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Friday, May 6

Put your name and


period on the handout
and respond to the
follow prompt in the
Warm Up box


1.

2.

The Hero

Traditionally in literature a hero is a character who possesses a


strong morality.

This is a character that seems to always do the right thing, no


matter what the situation.

A hero has a strong conviction, is dynamic, and/or has a certain


magnetism that draws the reader to him/her.

A hero does not necessarily complete their journey on their own,


but they are the central character in the story.

A literary hero will complete the traditional Hero Cycle,


triumphing in the end.

Definition of Tragedy:
A drama in which a character (usually a good and
noble person of high rank) is brought to a
disastrous end in their confrontation with a
superior force (fortune, the gods, social forces,
universal values), but also comes to understand
the meaning of their deeds and to accept an
appropriate punishment. (The Norton Introduction
to Literature, 7th ed)

Aristotles Characteristics of
a Tragic Hero
1. Background Usually of noble birth; destined for greatness
2. Hamartia a.k.a. the tragic flaw that eventually leads to his
downfall; often this leads to a mistake in judgment.
3. Peripeteia a reversal of fortune brought about by the heros tragic
flaw; this is often also influenced by fate or the gods.
4. Epiphany Actions result in an increase of self- awareness and selfknowledgethough they may not choose to act on this!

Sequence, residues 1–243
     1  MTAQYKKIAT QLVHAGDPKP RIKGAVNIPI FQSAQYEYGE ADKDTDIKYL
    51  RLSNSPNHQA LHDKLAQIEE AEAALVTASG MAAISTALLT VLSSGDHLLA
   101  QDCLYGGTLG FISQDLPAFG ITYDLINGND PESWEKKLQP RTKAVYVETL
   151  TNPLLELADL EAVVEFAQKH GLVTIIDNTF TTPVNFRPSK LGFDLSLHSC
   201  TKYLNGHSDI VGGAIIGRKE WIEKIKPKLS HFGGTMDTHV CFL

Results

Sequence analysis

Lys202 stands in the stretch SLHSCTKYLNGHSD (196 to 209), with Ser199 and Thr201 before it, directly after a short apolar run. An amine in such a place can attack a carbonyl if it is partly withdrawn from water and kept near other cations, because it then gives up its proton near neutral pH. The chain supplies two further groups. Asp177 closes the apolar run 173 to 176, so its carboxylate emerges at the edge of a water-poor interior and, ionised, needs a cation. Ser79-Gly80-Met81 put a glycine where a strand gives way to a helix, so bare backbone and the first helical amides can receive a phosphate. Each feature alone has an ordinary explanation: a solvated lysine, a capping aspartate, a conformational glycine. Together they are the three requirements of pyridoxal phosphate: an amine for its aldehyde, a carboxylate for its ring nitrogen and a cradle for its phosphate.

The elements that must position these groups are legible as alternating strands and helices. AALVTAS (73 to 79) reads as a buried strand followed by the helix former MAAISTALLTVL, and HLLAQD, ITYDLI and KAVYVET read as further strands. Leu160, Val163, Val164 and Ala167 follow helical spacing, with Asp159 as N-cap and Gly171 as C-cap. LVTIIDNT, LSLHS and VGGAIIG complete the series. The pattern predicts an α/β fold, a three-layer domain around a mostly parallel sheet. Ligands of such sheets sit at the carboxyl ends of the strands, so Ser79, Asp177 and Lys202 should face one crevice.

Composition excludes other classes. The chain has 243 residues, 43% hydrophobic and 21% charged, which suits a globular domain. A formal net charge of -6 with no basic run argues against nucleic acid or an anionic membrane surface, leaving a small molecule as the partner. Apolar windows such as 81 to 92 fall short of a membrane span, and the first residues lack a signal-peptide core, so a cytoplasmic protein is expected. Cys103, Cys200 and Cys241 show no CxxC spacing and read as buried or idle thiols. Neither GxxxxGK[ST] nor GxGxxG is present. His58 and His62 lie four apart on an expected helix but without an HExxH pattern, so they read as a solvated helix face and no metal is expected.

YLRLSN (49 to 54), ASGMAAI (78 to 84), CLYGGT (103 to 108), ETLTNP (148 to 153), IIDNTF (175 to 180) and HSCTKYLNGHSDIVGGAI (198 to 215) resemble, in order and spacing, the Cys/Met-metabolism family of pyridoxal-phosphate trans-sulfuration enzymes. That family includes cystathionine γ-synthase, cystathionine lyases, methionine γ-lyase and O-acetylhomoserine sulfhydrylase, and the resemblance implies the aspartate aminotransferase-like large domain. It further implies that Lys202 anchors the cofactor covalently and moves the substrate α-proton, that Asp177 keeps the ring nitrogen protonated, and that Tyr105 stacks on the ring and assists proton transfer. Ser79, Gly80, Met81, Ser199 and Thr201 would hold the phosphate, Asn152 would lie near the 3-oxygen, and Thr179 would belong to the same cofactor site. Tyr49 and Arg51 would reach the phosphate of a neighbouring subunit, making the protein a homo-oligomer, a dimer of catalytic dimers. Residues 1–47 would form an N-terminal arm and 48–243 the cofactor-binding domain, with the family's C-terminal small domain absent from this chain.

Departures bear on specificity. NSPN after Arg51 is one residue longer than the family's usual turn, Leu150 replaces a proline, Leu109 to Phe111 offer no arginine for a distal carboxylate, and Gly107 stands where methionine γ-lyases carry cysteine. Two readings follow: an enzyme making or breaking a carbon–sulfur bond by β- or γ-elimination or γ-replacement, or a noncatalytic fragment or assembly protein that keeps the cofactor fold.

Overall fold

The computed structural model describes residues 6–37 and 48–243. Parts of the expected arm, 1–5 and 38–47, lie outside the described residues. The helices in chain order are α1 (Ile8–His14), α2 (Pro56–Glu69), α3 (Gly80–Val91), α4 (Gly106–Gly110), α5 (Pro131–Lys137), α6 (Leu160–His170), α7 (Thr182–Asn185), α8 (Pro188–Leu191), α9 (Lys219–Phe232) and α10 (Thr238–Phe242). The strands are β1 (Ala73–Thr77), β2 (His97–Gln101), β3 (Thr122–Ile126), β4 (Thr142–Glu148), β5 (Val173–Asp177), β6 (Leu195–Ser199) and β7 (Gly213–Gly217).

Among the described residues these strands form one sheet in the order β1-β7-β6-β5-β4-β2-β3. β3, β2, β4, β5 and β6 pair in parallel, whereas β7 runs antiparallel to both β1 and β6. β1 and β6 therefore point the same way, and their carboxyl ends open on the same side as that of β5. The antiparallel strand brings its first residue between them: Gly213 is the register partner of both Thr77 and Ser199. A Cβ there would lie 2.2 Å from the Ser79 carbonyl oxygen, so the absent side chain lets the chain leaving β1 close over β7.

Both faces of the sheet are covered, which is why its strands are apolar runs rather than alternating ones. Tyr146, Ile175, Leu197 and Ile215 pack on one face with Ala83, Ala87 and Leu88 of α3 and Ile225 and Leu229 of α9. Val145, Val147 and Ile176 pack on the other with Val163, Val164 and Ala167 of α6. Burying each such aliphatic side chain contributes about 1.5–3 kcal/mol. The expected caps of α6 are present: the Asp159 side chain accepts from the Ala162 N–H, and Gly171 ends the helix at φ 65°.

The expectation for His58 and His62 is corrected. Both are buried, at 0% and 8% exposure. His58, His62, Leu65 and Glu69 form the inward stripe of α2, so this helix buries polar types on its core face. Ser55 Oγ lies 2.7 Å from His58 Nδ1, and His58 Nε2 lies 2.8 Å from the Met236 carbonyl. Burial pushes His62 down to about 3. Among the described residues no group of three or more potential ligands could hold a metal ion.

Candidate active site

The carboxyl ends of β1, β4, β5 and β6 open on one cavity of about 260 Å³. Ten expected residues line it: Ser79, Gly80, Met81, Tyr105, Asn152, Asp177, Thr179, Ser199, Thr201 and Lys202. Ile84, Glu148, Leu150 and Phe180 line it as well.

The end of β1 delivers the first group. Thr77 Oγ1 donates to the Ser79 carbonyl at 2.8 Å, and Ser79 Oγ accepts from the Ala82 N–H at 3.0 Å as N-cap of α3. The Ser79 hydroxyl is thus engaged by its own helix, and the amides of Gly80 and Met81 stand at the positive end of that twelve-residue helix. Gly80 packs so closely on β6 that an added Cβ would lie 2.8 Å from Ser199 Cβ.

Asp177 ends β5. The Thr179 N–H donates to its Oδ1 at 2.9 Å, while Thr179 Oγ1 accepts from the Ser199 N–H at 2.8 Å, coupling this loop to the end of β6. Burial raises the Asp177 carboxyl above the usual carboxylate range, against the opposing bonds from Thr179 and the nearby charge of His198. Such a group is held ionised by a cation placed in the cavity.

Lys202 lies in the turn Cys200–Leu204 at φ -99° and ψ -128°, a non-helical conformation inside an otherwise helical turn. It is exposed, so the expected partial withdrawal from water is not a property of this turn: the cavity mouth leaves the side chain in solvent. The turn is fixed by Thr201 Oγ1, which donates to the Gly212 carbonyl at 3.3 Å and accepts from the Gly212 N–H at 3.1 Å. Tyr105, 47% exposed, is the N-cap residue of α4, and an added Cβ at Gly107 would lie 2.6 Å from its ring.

5. Catharsis The audience must feel pity and fear for this character
and purge these emotions at the end of the story.

Tragic Hero Background

A tragic hero is often used in literature, especially Greek and


Shakespearean drama.

The tragic hero has made its way into more contemporary literature
because they are more realistic and audiences can relate to them.
The tragic hero was traditionally a man of noble stature. High position
usually means a king, duke, prince, company owner, etc. He is not an
ordinary man, but a man with outstanding quality and greatness about him.
Someone we look up to.
He is goodbut not too goodso the audience can identify with him.

Tragic Hero
Noble Stature: since tragedy involves the "fall" of a tragic hero, one
theory is that one must have a lofty position to fall from, or else there
is no tragedy (just pathos).
Also, tragedies involving people of stature affect the lives of others.
In the case of a king, the tragedy would not only involve the
individual and his family, it would also involve the whole society.

Tragic Hero
Unlike a hero, a tragic hero does not always do the right thing
Their own destruction is for a greater cause or principlei.e. it proves a
point
Hero's downfall is their own fault as a result of their own free choice, but
their misfortune is not wholly deserved. There must be an element of
choice in order for there to be a true tragedy. The tragic hero falls because
they choose one course of action over another.
Death is seen as a waste of human potential
Audience must feel a combination of pity and fear for this character

Harmartia: The tragic flaw


The fatal flaw brings the hero down from their elevated state.
Renaissance audiences were familiar with the wheel of fortune or
fickle fate: What goes up, must come down.
The tragic hero must "fall" due to some flaw in his own personality. The
most common tragic flaw is hubris (excessive pride). One who tries to
attain too much possesses hubris.
Ex: Pride (Hubris) Skywalker thinks he is so good, he can take on an
experienced Jedi all by himself.

Examples of Flaws (Harmartia)

Peripateia
Peripeteia a reversal of fortune brought about by the